Attracting customers to your brand with top-of-the-funnel content is beneficial. However, what happens after you’ve got them there? You need to provide content that piques their interest but also has the potential to solve their problems.
“Many companies I see place too much emphasis on the top of the funnel, but fail to create content assets that help convert at the bottom of the funnel,” said Ho. He claimed it’s important that a brand have assets like “case studies, testimonials or videos convincing why they're a good fit to work for you.”
HubSpot's Amanda Sellers explained the buyer's journey and the importance of catering to users at each stage. "With the exception of impulse buys, an individual begins their journey in an 'unaware stage'. This individual likely fits the demographic of your ideal client (also known as your buyer persona), but they are not aware of your product or in need of it."
Once an individual hits a pain point or discovers a need for a product or service, they begin their buyer's journey.
Sellers stressed, "It's important to understand your audience: how they think, the answers they seek and the path they take to find a solution." All of this goes into creating a content marketing strategy. She added, "Developing a buyer's journey for your business is the first step to creating content that resonates with your buyer and building out your marketing funnel, so you can meet them at each stage of their journey."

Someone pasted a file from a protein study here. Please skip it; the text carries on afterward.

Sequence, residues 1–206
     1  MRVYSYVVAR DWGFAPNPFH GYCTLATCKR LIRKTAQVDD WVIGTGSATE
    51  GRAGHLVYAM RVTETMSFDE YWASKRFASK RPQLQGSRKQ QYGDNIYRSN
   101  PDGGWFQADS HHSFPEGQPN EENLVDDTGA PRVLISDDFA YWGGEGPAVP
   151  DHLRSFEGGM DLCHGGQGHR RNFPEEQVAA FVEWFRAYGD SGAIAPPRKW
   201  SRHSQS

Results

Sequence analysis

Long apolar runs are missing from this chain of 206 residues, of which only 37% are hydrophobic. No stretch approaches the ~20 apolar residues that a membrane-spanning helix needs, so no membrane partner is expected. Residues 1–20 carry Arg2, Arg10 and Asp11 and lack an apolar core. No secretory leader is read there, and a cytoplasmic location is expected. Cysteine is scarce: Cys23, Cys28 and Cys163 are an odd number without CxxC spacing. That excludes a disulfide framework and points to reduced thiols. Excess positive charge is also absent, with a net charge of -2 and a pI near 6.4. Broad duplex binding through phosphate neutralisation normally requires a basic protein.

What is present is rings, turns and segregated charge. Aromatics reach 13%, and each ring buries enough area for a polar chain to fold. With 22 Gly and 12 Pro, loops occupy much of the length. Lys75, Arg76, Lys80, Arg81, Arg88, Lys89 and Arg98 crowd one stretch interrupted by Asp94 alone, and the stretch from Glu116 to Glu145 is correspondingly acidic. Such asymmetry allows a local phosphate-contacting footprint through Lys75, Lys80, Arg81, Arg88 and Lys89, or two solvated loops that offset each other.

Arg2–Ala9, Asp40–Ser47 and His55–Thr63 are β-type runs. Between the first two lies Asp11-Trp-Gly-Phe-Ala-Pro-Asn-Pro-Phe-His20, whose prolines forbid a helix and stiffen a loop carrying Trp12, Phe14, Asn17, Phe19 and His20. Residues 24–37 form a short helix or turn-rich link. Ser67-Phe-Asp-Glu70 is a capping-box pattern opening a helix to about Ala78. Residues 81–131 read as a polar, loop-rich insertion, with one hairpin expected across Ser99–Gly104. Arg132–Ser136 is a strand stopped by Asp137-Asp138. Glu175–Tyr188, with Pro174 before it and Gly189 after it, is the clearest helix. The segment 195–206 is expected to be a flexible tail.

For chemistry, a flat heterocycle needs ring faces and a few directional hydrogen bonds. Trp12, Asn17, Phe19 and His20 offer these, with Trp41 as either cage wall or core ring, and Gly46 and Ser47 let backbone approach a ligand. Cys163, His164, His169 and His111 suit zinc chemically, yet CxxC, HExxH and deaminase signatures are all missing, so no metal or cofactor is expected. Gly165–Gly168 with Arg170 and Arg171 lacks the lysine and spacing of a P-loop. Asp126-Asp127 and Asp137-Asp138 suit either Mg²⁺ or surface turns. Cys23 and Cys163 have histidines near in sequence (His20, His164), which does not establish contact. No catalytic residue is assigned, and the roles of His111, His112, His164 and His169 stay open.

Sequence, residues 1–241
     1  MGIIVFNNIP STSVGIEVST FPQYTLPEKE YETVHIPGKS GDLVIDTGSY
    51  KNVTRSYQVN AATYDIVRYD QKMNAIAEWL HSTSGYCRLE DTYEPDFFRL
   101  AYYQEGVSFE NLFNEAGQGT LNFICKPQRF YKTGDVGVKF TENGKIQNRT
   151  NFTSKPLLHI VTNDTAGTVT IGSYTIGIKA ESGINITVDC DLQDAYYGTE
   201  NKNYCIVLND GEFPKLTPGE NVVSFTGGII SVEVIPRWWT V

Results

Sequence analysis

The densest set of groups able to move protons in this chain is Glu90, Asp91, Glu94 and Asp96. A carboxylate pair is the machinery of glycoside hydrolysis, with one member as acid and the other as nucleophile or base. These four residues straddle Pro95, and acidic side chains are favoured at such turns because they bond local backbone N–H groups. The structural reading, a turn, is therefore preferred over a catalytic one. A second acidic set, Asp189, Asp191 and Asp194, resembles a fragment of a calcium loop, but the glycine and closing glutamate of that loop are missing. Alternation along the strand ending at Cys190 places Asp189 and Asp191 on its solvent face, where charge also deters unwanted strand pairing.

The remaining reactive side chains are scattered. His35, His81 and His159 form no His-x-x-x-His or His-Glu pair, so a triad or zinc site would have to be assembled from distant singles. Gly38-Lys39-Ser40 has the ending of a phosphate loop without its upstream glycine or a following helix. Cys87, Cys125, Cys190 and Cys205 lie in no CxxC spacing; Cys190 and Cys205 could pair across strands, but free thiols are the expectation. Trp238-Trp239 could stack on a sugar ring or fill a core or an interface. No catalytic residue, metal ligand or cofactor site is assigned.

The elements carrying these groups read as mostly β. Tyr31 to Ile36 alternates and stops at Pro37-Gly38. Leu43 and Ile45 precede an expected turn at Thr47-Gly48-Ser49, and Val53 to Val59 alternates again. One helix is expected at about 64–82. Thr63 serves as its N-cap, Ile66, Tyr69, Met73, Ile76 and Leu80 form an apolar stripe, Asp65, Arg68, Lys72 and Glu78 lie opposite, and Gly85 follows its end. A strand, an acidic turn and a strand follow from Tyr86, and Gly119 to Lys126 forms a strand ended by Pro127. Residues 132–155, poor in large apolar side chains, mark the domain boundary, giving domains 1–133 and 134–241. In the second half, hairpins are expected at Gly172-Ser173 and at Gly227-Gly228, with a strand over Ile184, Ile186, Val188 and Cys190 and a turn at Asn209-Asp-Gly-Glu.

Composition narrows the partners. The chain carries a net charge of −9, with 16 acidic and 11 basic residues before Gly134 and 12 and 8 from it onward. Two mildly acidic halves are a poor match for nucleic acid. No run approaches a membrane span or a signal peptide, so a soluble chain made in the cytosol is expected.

The job of a marketer is to attract prospects and turn them into qualified leads that the sales team can engage with. Once a lead becomes a customer, the goal of the brand is to delight that customer with a top-quality product or service.
A customer who is delighted with a brand may even take another step along the journey, becoming a promoter or a brand advocate. The challenge for brands is working out how to reach prospects in the first place, and how to continue engaging with those prospects as they become more familiar with the company.
Blogs, search marketing and social media are the most common platforms used to reach prospective customers. These platforms are low friction. A prospective customer might see an ad on social media, or search for something and click on a result from paid search placements or at the top of the SERPs.
Sellers explains a customer at this stage is most likely "looking for top-level educational content to help direct them to a solution, like blog posts, social content and ebooks."